Washington, 11 September 1997 (RFE/RL) - An impressive array of former U.S. secretaries of state, defense, senators and senior officials have joined a public debate in America with a statement supporting NATO enlargement and warning that it would be a tragic mistake to turn away from the process.
The statement released to the press earlier this week was signed by more than 130 prominent Americans, including two former U.S. vice presidents, eight former secretaries of state, five White House national security advisers, as well as six defense secretaries and a sprinkling of former senators, ambassadors and academics.
U.S. Senator William Roth (R-Delaware), head of the NATO Observer Group that advises the U.S. Senate leadership on expansion issues, has welcomed the move. He called it "a critically important endorsement by a bipartisan group of pre-eminent U.S. experts in foreign policy."
In a press statement, Roth said he hopes that "when a group of this stature speaks, the U.S. Senate is listening."
NATO expansion will have to be ratified by the U.S. Senate with a two-thirds majority of 67 votes and hearings on the issue are expected to begin early next year. U.S. officials have already begun a campaign to influence the senators by appealing directly to the voting public, which at this point seems indifferent and mostly preoccupied with other concerns.
But many legislators in the Republican-led Congress, as well as opposition Democrats, have raised questions, among other things, about the costs of NATO expansion, the need for it in the absence of an external threat, the extent of the U.S. security commitment to new members, and a possible adverse impact on Russia of NATO enlargement.
The signers, all members of a group calling itself the "New Atlantic Initiative," argued in their statement that "admitting Poland, Hungary and the Czech Republic into NATO will strengthen the alliance, reinforce new democracies , renew the American commitment to Europe and reaffirm American leadership" and that "to turn back now would be a tragic mistake."
At a Washington press conference Tuesday, four of the signers addressed some of the major concerns. They argued eloquently in favor of expanding the alliance in the same cavernous hall where NATO was founded in 1949 -- the Andrew Mellon Auditorium, a place of granite columns and gilded wall decorations, named after a wealthy American industrialist and philanthropist.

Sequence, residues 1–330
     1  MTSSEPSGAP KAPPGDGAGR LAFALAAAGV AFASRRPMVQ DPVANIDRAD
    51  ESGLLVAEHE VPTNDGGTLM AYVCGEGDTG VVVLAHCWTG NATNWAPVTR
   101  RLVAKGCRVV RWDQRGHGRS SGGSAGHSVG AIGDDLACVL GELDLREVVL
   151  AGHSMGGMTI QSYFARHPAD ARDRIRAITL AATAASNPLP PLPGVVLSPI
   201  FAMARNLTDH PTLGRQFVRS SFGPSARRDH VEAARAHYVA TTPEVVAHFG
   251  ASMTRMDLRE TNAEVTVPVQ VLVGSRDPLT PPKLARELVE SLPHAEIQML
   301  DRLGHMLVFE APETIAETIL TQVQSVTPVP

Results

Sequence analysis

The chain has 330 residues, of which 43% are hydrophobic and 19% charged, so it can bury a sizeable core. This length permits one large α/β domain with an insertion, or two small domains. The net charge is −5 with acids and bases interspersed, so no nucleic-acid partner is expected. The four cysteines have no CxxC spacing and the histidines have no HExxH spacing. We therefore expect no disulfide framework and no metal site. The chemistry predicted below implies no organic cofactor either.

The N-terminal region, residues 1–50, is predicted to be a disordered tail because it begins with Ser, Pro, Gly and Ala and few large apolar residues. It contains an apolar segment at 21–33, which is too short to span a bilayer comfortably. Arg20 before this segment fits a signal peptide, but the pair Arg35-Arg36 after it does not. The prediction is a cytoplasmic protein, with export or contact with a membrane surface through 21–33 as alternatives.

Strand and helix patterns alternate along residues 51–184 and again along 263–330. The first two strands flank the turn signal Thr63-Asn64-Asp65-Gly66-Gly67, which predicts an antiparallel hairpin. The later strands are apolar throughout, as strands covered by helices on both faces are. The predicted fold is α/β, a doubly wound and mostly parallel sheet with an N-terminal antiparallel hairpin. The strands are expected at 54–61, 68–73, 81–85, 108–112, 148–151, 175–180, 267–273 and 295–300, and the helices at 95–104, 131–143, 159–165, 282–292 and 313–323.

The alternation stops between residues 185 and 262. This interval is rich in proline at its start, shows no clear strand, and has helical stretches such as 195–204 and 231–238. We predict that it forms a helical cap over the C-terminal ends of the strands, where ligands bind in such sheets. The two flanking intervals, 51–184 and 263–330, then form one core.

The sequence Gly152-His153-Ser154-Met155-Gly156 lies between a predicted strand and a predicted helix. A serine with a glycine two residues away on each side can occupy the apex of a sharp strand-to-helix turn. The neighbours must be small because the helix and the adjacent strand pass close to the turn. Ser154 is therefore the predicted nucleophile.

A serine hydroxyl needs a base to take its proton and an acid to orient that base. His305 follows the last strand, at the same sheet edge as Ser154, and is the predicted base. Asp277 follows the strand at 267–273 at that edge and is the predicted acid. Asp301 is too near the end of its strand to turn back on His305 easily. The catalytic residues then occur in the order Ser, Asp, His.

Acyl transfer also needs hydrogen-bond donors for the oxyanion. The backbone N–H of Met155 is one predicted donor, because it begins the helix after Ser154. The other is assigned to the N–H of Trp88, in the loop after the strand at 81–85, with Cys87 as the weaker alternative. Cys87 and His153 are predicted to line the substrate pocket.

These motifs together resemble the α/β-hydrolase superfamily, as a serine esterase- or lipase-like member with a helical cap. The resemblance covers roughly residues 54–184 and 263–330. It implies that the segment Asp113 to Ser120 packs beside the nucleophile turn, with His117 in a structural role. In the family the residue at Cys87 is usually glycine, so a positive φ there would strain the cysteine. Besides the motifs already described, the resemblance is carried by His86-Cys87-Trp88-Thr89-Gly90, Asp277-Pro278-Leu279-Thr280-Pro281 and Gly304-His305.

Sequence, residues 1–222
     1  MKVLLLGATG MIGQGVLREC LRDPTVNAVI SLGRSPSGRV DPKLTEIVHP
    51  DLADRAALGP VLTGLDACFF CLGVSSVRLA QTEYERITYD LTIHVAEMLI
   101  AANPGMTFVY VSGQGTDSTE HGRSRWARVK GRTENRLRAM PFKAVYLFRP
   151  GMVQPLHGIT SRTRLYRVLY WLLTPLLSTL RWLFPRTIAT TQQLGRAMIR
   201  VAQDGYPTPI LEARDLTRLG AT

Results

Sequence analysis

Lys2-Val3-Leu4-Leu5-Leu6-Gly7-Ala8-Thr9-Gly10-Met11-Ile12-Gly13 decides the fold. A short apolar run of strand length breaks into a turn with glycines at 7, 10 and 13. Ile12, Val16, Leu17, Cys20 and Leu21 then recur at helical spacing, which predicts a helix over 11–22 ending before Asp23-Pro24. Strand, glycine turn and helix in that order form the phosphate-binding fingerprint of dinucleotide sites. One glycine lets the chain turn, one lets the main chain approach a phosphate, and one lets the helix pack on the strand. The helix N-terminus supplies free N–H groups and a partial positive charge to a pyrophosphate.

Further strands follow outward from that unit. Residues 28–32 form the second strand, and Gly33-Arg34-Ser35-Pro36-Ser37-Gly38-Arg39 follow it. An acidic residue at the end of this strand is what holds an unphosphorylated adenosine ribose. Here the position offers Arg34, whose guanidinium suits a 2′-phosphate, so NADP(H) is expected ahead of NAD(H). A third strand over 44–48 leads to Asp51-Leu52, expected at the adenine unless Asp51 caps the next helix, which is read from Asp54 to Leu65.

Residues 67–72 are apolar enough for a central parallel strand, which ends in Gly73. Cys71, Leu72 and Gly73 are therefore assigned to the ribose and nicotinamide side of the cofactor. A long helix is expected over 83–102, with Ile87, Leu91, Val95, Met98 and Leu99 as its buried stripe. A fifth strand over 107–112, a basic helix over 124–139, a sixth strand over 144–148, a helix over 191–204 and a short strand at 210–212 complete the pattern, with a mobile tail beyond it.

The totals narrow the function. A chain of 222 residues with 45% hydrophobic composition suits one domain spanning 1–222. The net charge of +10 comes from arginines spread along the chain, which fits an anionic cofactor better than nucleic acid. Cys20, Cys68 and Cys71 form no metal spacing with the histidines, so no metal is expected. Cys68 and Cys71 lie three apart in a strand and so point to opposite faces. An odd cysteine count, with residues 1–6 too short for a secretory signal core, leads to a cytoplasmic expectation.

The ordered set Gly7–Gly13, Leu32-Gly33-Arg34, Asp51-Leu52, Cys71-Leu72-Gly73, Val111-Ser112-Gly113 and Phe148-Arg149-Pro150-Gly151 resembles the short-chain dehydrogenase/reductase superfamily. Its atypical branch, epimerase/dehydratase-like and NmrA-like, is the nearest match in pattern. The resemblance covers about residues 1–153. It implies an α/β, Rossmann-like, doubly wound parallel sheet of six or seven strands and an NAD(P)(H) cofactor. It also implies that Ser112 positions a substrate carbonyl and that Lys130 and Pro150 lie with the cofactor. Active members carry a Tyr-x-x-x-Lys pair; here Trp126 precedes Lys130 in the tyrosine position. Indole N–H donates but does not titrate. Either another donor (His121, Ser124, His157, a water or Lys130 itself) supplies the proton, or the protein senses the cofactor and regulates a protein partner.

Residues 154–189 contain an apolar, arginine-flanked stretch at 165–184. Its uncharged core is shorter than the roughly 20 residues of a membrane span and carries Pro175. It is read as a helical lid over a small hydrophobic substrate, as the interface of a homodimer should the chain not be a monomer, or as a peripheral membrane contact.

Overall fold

Former U.S. Ambassador to the United Nations Jean Kirkpatrick said the case for admitting Poland, the Czech Republic and Hungary to NATO is the same as the case was for establishing NATO -- "to provide a security shield behind which the free institutions of these geographically vulnerable European democracies can strike deep roots and thrive."
Richard Holbrooke, formerly of the State Department who continues to advise the U.S. President and Secretary of State on Balkan affairs, said Central Europe has been "a cockpit of turmoil and tragedy throughout this century," and that "to say this area is stable today simply because the Soviet threat is over is to misread history."
He said NATO will help anchor stability in the region as it did when Germany joined the alliance in 1955.
Holbrooke dismissed a criticism that expansion will upset or destabilize Russia. He said Russians know the new NATO is not directed against them "even though there is some posturing in the Russian Duma."
Former National Security Adviser Anthony Lake noted that some Russian parliamentarians have been using NATO enlargement as an excuse not to ratify the START II nuclear arms control agreement with the United States. "A lot of their concerns are financial because there are short-term costs" associated with the treaty, Lake said, adding that it will cost Russia less in the long run to agree to arms control.
The panelists point out that Russia through the Founding Act has the opportunity to cooperate with NATO and strengthen its own security.
Paul Wolfowitz, formerly the number two man in the Defense Department, added that Russia faces no threat from Poland but historically does have security problems to the east with China and Japan.
He said the U.S. and NATO can help resolve Russia's legitimate security concerns with those countries and strengthen its position through increasing cooperation with the West.
All four panelists expressed confidence that the U.S. Senate will ratify the NATO expansion amendment next year, and also that the enlargement process will continue eastward to encompass more countries after the initial three.